Finding time to work out is tough enough. Add in the minutes and motivation it takes to actually get to the gym, not to mention all that can throw you off course (ahem, DVR that needs watching) and it's no surprise people throw away thousands in underutilized gym membership fees.
Why not let the workout come to you? Check out these essential tips for buying a treadmill, elliptical or other cardio equipment you'll not only use, but love.
Make room and measure
Here's what to avoid: You choose the perfect machine, it arrives and you realize the only place it fits is a dark corner in the basement. So before anything, think about where it should go, says Lori Verta, a personal trainer in Chicago and co-owner of The Green Gourmet. Pick a place you'll be inspired by -- a sunny spare room, a rec room equipped with a sound system or TV -- then take measurements and work with a salesperson so you find a machine that fits.
Explore your budget and get creative
Yes, high-quality fitness machines carry hefty price tags, but the old "you get what you pay for" adage holds true — and this isn't a time to skimp. "People often make the mistake of thinking only of expenditure. However, it's important to think long-term," says Ashley Pettit, a personal trainer in Chicago. What's more, "investing in a (pricier) commercial version has major benefits when it comes to maintenance and longevity if you plan to put in a lot of mileage."
In other words, wouldn't you rather pay more for a machine you're excited to use (and keep using) than less for one that quickly turns into a clothes rack? Luckily, cost doesn't have to deter you. Look for discounted floor models or ask about refurbished machines. Many stores also offer financing.
Think like a goal-getter
"Pick three of the most important things that get you motivated and to your goals -- that's what to look for first," Pettit says. For example, if music drives you, prioritize a machine with a console that provides full audio control. Tech-obsessed? Look for those that sync with heart rate monitors or one with a color touch screen that provides workout feedback, such as the Precor Series 40 Console.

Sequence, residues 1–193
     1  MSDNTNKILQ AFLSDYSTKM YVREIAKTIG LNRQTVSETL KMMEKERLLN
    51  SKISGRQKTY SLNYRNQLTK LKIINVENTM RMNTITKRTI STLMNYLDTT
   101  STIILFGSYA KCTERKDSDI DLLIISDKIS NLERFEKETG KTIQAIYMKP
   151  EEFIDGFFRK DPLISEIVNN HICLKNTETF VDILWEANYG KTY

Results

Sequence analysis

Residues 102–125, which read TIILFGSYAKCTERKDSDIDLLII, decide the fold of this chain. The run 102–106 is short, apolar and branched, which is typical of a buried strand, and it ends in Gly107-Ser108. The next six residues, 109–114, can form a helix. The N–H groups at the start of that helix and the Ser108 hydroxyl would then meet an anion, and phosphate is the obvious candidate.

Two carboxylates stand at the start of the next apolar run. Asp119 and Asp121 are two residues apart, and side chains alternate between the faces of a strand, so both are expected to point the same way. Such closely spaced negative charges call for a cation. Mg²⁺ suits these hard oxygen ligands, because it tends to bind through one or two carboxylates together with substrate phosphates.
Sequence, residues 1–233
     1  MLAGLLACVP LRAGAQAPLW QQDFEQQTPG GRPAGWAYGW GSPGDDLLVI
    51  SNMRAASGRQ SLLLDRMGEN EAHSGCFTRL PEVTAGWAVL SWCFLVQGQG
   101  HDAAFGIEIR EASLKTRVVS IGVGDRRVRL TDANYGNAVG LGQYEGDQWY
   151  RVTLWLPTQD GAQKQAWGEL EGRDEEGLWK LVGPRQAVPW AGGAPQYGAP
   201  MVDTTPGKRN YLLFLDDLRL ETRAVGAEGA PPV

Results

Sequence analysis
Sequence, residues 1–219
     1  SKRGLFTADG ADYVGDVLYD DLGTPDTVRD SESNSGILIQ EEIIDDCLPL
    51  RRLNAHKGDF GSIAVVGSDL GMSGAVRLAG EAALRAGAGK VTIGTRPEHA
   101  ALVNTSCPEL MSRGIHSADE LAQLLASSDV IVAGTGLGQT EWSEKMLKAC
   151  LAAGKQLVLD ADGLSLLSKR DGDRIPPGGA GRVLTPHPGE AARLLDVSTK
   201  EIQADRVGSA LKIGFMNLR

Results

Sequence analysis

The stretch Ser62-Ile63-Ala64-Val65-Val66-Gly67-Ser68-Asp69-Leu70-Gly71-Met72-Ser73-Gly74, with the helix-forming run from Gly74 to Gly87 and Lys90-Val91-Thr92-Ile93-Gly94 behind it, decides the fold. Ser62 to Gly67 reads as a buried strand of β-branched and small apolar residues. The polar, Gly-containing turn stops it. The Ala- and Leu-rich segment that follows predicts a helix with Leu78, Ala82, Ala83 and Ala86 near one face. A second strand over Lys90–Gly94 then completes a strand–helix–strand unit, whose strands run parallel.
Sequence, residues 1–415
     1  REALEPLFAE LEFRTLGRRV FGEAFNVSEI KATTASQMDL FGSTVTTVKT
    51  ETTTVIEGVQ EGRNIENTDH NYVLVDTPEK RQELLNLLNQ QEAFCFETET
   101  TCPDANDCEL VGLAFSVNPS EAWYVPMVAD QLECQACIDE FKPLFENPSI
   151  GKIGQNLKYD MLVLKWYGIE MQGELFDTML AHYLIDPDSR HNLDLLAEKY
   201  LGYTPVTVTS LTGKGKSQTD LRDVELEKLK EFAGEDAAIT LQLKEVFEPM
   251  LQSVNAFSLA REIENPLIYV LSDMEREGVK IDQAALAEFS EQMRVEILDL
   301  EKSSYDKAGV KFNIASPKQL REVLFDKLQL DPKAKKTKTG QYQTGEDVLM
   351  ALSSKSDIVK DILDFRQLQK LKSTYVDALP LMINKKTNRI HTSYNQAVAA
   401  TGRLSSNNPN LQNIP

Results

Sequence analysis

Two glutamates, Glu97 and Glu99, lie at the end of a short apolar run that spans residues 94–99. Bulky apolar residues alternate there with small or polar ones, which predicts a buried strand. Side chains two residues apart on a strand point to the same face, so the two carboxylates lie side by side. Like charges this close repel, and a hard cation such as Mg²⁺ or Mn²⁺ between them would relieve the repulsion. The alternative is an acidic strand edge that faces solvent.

If you get bored easily or need coaching, many machines feature pre-programmed workouts and the capability to create your own. "It's always fantastic to have an outlet that provides new ways to challenge yourself, vary your workouts and move toward different goals in the form of pre-planned workouts," Pettit says. Some models even suggest workouts based on your goals and progress, while responsive and intuitive lever-style controls make it easy to mix up speed and resistance on the fly.
Goals matter when choosing the type of machine, too. For examples, if you're time-crunched, a rowing machine provides a total-body workout. (And how cool -- and sweaty -- does Frank Underwood on "House of Cards" look using the sleek WaterRower wooden rowing machine?)
Prioritize comfort and safety
"A machine that keeps injury risk low is key," Pettit says. Because no matter how many bells and whistles a device has, if you get hurt, it's clothes rack time for your toy. So, with a treadmill, you want good cushioning for less impact. Or, if you have knee problems, you might consider something other than a treadmill altogether. (WaterRower, anyone?)
Take a test drive (or several)
You wouldn't buy a car without experiencing how it handles on the road, right? Reputable fitness stores set up floor models you can take for a (stationary) spin. No one will think it odd if you show up in workout clothes with your iPod. (Just remember, it's BYO water bottle.) You can also try out different machines at a gym. In many cases, you can buy the same or nearly identical versions.
Keep an open mind
Even if you've decided on one type of machine, try out other types at the dealer. You might fall in love with something new and exciting. Case in point: The Helix Lateral Trainer, an entirely new and fun category of cardio machine. Picture a mix between an elliptical and bike, with a twist -- you "pedal" side to side rather than forward/back.
Ask about return policies and warranties
Dealers and manufacturers want you to be happy, so get details about a machine's return policy and warranty. Find out its expected lifespan, what maintenance and repairs are covered and whom to call if something goes wrong. That way, you'll stay up and running ... or cycling, rowing and, best of all, reaching your goals.
— Amy Lynch for Precor Home Fitness
This sponsored content was produced by Tribune Content Solutions on behalf of Precor Home Fitness. The newsroom or editorial department of Tribune Publishing was not involved in its production.
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